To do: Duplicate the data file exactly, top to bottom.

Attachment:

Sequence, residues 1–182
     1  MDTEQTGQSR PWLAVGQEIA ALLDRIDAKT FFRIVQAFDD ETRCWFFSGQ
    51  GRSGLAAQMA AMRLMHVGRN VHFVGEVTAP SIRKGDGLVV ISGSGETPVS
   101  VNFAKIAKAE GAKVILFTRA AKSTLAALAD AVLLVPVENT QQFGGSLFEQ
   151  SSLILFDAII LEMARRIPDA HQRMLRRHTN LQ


Sequence, residues 1–182
     1  MDTEQTGQSR PWLAVGQEIA ALLDRIDAKT FFRIVQAFDD ETRCWFFSGQ
    51  GRSGLAAQMA AMRLMHVGRN VHFVGEVTAP SIRKGDGLVV ISGSGETPVS
   101  VNFAKIAKAE GAKVILFTRA AKSTLAALAD AVLLVPVENT QQFGGSLFEQ
   151  SSLILFDAII LEMARRIPDA HQRMLRRHTN LQ